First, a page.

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So Much More than Salads: The LBDs of Nutrition—How to Spot a Health Staple From a Health Fad

By Sarah Wilson, RHN on October 20, 2015, categorized in Plant-based Nutrition

So Much More than Salads: The LBDs of Nutrition—How to Spot a Health Staple From a Health Fad

Healthy doesn’t mean boring bland salads, or mind-numbing workouts you hate.  Health is about finding something that gets you super pumped and excited about your overall wellness. I’m a holistic nutritionist that loves taking the ordinary, and making it kick a$$!  It’s time to get creative, step outside the box, and discover your own way to thrive. My mission is to help you find that path.  

Eat this; don’t eat that. Count your calories; don’t count your calories. What’s next? If you find yourself going crazy over what to believe is good for you, than you’re not alone. With an increasing amount of nutrition and health information coming at you from blogs, social media, the news and even your friends—sifting the health trends from the LBDs of nutrition can be super overwhelming.

What are the LBDs of nutrition? Just like that Little Black Dress (LBD) that never goes out of style, there are foods that you’ll want to keep an eye out for when trying out that new health trend. Now, I’m not trying to discourage you away from trying new things out. Simply ask yourself these questions before going all in on a new nutrition or diet fad:

1. Is it enough?

Often, fad diets or health trends ask you to seriously cut down your calories. The #1 flag I usually have for health trend is how black/white is it? Is it eliminating a whole food group? Is it good vs. bad foods? Is there any room for moderation or indulgences? While this can seem like a great idea to help you find your optimal weight, it’s generally not a long-term solution. Calories=Energy, and energy is something we all don’t want to run low on. I recommend consulting with a nutritionist or a dietitian to find out exactly how much fuel you’ll need for your day. Everybody is unique; therefore their fuel needs are unique as well.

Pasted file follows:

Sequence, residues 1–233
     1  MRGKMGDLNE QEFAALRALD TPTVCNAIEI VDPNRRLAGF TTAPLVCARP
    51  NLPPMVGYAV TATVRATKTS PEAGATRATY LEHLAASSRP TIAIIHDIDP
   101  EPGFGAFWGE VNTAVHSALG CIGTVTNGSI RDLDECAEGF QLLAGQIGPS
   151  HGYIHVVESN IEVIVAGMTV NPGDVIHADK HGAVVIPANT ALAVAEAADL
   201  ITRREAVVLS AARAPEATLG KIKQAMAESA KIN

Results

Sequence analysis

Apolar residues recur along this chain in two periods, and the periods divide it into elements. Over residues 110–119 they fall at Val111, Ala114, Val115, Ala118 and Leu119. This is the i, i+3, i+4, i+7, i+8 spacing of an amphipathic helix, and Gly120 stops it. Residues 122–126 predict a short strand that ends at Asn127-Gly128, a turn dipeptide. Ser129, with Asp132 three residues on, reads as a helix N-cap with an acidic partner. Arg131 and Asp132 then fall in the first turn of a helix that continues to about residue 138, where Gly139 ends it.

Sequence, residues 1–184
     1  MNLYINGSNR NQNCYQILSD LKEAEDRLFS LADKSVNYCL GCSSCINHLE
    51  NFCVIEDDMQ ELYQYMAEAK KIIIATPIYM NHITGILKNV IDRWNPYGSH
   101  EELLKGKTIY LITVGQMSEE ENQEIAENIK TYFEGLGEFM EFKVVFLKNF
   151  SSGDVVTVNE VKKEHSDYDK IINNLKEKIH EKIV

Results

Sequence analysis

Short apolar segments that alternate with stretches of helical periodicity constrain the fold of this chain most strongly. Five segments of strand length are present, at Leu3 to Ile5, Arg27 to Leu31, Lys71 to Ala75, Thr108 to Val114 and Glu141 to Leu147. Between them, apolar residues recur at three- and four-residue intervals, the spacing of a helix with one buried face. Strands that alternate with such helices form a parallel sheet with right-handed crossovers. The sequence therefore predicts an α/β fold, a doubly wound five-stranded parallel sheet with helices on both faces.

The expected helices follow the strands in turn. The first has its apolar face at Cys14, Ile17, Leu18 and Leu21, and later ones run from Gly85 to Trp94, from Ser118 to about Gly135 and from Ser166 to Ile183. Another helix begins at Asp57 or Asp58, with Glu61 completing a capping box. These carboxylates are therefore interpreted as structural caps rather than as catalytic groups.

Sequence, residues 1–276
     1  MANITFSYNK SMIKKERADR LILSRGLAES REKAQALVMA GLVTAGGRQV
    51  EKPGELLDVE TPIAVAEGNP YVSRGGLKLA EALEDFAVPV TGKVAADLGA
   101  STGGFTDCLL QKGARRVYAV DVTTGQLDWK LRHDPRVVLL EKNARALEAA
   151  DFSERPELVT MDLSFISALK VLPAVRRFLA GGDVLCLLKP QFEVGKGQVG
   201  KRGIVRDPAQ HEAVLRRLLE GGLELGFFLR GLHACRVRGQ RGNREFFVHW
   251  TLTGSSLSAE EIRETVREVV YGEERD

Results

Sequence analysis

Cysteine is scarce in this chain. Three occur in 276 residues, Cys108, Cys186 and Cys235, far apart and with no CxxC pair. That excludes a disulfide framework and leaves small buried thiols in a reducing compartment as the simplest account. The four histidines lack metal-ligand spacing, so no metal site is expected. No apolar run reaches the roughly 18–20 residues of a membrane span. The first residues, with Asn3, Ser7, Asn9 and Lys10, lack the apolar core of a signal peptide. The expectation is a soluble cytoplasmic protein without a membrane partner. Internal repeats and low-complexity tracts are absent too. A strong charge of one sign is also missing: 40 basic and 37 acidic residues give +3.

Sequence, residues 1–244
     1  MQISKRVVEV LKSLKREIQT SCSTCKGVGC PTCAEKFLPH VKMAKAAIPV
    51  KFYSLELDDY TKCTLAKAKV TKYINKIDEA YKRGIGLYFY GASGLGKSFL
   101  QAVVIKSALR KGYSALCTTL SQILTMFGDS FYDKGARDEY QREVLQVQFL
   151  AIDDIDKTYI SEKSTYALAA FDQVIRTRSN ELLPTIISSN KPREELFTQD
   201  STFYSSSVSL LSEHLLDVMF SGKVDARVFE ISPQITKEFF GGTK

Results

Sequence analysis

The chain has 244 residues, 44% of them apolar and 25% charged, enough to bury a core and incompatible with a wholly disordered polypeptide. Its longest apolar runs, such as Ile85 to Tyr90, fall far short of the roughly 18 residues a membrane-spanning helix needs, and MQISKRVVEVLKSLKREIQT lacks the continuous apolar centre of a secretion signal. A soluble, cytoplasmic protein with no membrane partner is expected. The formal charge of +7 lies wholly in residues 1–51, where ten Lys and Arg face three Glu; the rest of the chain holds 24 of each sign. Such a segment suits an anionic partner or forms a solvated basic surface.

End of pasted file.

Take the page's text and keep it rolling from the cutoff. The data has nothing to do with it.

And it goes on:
One of my favorite quotes from Nutritionist Peggy Kotsopoulos is “Don’t count your calories, make your calories count.” Instead of focusing on numbers, try focusing on incorporating more nutrient dense foods into your diet. Some of my favorite nutrient dense foods include kale, dark berries, and Vega Essentials. Sometimes I’ll even combine all three into one of my favorite smoothies.

2. Low fat, no fat, high fat, oh my!

I’m sure all of us remember the “no fat” trend, when taking the fat out of our foods was supposed to make us healthier.  When fat is removed from processed foods it’s replaced with something else—usually sugar or highly processed artificial fillers. Healthy fats play such an essential role in our body, from the way we move, by lubricating our joints and inflammation management all the way down to the structure of our cells. When choosing good quality fats from whole foods sources you’re really doing much more good than harm. Some of my favorite whole food fats come from avocados, flaxseeds, and quality oils, such as coconut oil, just to name a few.

3. No carbs

Carbohydrates were given a bad rap. Let me clarify this once and for all: it’s all about quality.  Choose whole food sources of carbohydrates rather than highly processed and refined white breads and pastas. You can make some simple changes around your household to include more healthy carbohydrates, such as swapping out your white pasta for whole grain pasta, your white rice for brown rice and your cookies, for Vega Snack Bars. Carbohydrates can serve as fuel, and those of us that like to be active, whether it’s a Saturday hike, chasing after toddlers, or your morning yoga. We’ll need than fuel to keep us going and keep us on our toes. Some of my favorite functional carbohydrates include dried fruit, and fresh fruit smoothies, yams or a solid bowl of oatmeal in the morning.

4. Get back to basics

Stick to your staples. One fad that will never change is eating more whole foods such as:

  • Vegetables
  • Fruit
  • Whole Grains
  • Healthy fats

You can’t lose when you add more plant-based foods into your diet. These foods are the perfect example of choosing nutrient dense foods. When eating more whole foods you’re increasing your intake of many naturally occurring vitamins, minerals, enzymes, and antioxidants.  And you definitely can’t go wrong with that. Sometimes simple is best, and all you need to do is add in more of the good stuff, and the not-so-good will find it has no place in your diet. If you’re finding it hard to add more fruits and veggies into your diet, try making dishes with vegetables as the foundation such as a veggie stir-fry! Or blend spinach into your morning smoothie.

What are your LBDs of nutrition?

Sarah Wilson, RHN

Sarah is a Registered Holistic Nutritionist, Personal Trainer and works at Vega as a Product Specialist. Sarah educates from experience! Drawing on her retail leadership in the natural health industry, her own nutrition consulting, and a personal passion, she equips audiences with tools and inspiration to feel their absolute best from the inside, out. Specializing in sports and fitness recommendations, Sarah is active as a runner, playing soccer or enjoying the Rocky Mountains on her snowboard.
Sarah Wilson, RHN

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